I have three photographs in the study at my home that, in an often divisive world, remind me of the power of sports to bring people together. The relevance of these photos was renewed in the first week of April when the Loyola Ramblers’ run to the NCAA Final Four brought back memories of the 1963 Loyola team that won the NCAA championship while starting four African-American players. The first week of April also marked the 50th anniversary of the assassination of Martin Luther King Jr.
You could have a lengthy debate about the three sports photos that would best dramatize the role that sports has played in the struggle for civil rights, but I chose my three because each depicts a moment that arose organically, without any staging, and in a time and place when a simple gesture of humanity was magnified as a result of its context. The first is a photo of German long jumper Luz Long lying down on the infield of the Olympic stadium next to Jesse Owens at the 1936 Berlin Olympics in full view of the leaders of the Third Reich. Long and Owens are smiling like old friends—which they did become, until Long’s death in World War II—in an environment that was hostile to such a friendship.
The second photo is of Brooklyn Dodger shortstop Pee Wee Reese reaching behind him to clasp Jackie Robinson’s hand as they head to the dugout together after crossing home plate. Yes, there is a statue in Brooklyn of Pee Wee Reese putting his arm around Robinson, an event that supposedly took place in Robinson’s rookie season. But there is no photo of that moment and, as Ken Burns concluded in his magnificent documentary about Robinson, the incident may not have happened. There are posed photos of Robinson with white players, including a photo with Reese and Eddie Stanky in the Dodgers dugout during his rookie year. There is even a photo of Robinson posing with Phillies’ manager Ben Chapman who, as shown in the movie “42,” hurled racial slurs from the opposing dugout. Anyone can pose with anyone for a second or two. But what is so compelling about my second photo is that it did not happen with any thought of a camera in mind. The bond between the white man from Kentucky and the man who broke baseball’s color barrier comes through subtly yet poignantly. As Burns alluded to in “Jackie Robinson,” the photo was one of Rachel Robinson’s favorites.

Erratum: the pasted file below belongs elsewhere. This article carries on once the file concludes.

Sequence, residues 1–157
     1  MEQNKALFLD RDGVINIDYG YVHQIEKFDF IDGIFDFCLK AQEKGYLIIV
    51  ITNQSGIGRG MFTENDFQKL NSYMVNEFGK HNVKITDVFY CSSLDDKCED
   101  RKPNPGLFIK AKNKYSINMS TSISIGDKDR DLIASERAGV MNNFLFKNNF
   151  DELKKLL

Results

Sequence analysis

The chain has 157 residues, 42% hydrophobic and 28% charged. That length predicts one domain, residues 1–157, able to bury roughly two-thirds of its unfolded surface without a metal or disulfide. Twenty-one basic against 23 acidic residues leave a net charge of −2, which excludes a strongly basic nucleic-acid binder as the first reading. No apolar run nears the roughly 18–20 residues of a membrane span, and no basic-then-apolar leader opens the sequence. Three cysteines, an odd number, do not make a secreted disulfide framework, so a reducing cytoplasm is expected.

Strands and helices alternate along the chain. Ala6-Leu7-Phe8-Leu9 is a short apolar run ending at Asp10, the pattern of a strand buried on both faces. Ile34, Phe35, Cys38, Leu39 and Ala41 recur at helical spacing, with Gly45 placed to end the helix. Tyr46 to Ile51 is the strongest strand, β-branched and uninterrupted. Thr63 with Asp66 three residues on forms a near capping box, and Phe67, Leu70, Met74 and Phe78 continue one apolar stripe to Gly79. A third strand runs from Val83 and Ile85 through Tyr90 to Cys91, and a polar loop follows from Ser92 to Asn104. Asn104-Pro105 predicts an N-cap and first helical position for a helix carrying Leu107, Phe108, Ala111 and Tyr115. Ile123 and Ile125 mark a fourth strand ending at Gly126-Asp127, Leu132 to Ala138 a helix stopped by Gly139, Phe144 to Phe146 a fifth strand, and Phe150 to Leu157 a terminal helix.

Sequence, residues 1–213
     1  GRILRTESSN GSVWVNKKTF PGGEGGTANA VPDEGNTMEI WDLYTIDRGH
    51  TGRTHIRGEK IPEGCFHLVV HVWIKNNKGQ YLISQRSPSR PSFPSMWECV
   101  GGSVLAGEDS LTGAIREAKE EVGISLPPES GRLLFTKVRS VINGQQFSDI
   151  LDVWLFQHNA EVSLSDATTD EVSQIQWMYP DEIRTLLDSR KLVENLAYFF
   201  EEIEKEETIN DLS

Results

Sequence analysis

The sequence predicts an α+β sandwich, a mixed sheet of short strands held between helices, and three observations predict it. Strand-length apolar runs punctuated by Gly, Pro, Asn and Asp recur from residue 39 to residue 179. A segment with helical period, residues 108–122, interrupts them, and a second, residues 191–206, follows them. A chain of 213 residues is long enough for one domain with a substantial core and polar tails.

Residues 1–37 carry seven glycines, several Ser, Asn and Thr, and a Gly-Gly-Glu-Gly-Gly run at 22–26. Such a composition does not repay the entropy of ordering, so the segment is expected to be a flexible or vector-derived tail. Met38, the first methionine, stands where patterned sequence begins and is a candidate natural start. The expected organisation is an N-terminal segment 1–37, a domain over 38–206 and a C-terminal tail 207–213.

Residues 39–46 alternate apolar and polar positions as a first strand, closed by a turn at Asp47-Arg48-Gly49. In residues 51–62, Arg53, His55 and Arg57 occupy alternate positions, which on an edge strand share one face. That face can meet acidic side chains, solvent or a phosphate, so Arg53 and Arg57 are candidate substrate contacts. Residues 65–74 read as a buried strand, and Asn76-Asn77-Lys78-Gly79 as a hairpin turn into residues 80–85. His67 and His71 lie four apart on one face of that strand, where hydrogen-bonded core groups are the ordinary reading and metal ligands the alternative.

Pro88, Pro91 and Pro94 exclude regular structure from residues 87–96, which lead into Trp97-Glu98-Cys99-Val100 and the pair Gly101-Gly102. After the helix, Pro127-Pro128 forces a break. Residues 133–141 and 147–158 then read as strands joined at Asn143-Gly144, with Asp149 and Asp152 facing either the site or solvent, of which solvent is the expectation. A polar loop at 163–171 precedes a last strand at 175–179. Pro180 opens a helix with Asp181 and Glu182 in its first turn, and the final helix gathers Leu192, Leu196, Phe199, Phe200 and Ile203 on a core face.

The third photo in my trilogy is not as well known, but it gets us back to Loyola. It is from the game that came to be known as “The Game of Change” in the 1963 NCAA basketball tournament. To get to the Final Four that year, Loyola had to beat Mississippi State in East Lansing, Michigan. To get to East Lansing, Mississippi State had to sneak out of Mississippi in the dead of night because they feared further legal attempts by segregationists—whose first maneuvers had been blocked by the state Supreme Court—to prohibit the team from leaving the state to play an opposing team that had four African-American starters. There is a better-known photo from that game, shown frequently during Loyola’s NCAA tournament run this year, that captures Jerry Harkness, the captain of Loyola, shaking hands with Joe Dan Gold of Mississippi State at center court. However, that photo, while genuine (Gold and Harkness stayed in touch for the rest of Gold’s life and Harkness attended his funeral in 2011), was also ceremonial.
My third photo was taken after that center court handshake when Stan Brinker of Mississippi State and Harkness passed each other on the court and Brinker extended his hand, which Harkness shook. Like my other two photos, it was a pop-up moment of good will and sanity at a time when both were in short supply. Three years later, Texas Western (now UTEP) would win the NCAA championship with five African-American starters. Five years later, Martin Luther King would be assassinated. And 50 years after that, the photo of Harkness and Brinker remains a powerful image of what can happen when athletes are on the right side of history.